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Deputy seeks to return stolen 1800s tombstone

The discovery of a stolen 1800s tombstone has led a Clark County Sheriff’s Office Deputy on a mission to return the grave marker to its original home.

A fisherman at Buck Creek State Park found the tombstone in the water late last week, said Ron Ray — who works in the Clark County Sheriff’s Office property room.

“It was shocking that someone would take a tombstone and transport it somewhere else and dump it like a piece of trash,” Ray said.

A deputy picked up the tombstone and brought it to the North Fountain Street sheriff’s office, where it now safely sits in the property room.

In the meantime, Ray has taken it upon himself to learn about the woman whose name the stone bears.

It reads: “Rebecca S. — wife of J. W. Kills.”

With the help of people at the Clark County Historical Society, and the Clark County Public Library, Ray uncovered that Rebecca Kills was the wife of Jacob Kills.

She died in 1859 and was buried in Greenmount Cemetery, which is located in the city block along Greenmount Avenue and East Main Street.

The cemetery sits across the street from the Westcott House, on High Street. Tom Fyffe, chief financial officer of the Westcott House, said he hates to hear about vandalism of the historic cemetery.

“It’s just a shame that people have such a lack of respect for other people and their property and their history. Why would they want to do something like this?” Fyffe said.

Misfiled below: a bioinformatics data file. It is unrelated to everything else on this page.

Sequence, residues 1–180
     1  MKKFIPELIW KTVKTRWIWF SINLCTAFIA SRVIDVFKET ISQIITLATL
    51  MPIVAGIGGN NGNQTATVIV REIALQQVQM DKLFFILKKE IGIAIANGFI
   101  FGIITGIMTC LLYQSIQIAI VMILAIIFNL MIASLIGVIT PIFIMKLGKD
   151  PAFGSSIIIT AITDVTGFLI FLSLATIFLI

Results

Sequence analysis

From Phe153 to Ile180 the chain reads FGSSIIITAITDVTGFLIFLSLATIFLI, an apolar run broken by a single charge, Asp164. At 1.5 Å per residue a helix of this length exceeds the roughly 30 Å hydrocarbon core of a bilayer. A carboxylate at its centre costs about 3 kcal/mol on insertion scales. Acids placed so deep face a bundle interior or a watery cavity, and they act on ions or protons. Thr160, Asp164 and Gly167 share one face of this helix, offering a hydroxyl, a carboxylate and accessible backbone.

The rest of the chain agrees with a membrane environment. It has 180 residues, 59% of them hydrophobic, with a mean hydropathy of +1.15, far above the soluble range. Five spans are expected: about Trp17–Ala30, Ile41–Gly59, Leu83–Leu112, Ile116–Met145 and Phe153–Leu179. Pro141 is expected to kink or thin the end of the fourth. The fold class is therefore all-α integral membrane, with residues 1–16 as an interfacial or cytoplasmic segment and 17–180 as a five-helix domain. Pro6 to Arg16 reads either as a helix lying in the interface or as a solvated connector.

The cemetery was active from the early 1840s until until the turn of the 20th century, said Kevin Rose, a historian with the Turner Foundation.

The Kills family included successful business owners in the early 1800s in Springfield, Ray said, and manufactured paper in Springfield. Their mill was located along Buck Creek at Mill Run, where the Springfield Regional Medical Center and Springfield Regional Cancer Center now sit.

Now that he has uncovered who the stone belongs to, Ray said he hopes to be able to return it to its proper place in the cemetery.

“I personally would like to see the stone reset,” Ray said. “I’m not sure how to go about getting that done. But I’m sure there’s somebody out there who could help us or would help us.”

Ray is looking for any ancestors of the Kills family to come forward. He searched the phone book to see if any of the Kills family still lives in the Clark County area, but hasn’t found any.

The sheriff’s office said it does not know who vandalized the tombstone, but will keep it safe in the property room and work to get it back to its intended place of rest.

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